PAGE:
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Australian lawyers group slams state anti-terrorism powers

[JURIST] The president of Australia's Law Council [official website], the official voice of lawyers throughout Australia, criticized wide-ranging anti-terrorism powers granted to the Australian Security Intelligence Organisation [government website] in testimony Monday before an Australian parliamentary committee. The ASIO has the power to detain individuals for up to a week without having to file a criminal charge and can question individuals for periods as long as 24 consecutive hours. Council head John North [official profile] warned that the powers given to the ASIO are too extreme and represent a breach of necessary civil and human rights traditionally respected in Australia. He urged that if the Australian Parliament [government website] found it necessary to keep the anti-terrorism legislation in place, that the powers be given to the Australian Crime Commission [government website] instead and that the procedures follow already-established guidelines for criminal detentions. Read the official Law Council press release. Australia's Daily Telegraph has local coverage.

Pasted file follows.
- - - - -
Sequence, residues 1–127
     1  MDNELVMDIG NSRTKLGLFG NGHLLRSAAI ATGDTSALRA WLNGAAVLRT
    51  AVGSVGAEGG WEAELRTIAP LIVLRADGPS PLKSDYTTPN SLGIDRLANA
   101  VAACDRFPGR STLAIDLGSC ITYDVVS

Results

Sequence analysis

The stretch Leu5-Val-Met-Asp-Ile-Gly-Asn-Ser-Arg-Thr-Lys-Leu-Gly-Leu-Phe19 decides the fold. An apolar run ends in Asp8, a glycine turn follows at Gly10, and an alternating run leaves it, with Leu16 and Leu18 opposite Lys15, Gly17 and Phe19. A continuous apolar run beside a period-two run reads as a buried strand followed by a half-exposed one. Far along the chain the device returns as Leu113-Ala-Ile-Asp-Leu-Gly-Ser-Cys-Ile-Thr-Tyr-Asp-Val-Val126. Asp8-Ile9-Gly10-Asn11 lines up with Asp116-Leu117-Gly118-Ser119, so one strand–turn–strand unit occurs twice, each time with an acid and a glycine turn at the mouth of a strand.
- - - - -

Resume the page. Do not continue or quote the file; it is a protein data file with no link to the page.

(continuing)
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Paper Chase is JURIST's real-time legal news service, powered by a team of 30 law student reporters and editors led by law professor Bernard Hibbitts at the University of Pittsburgh School of Law. As an educational service, Paper Chase is dedicated to presenting important legal news and materials rapidly, objectively and intelligibly in an accessible format.

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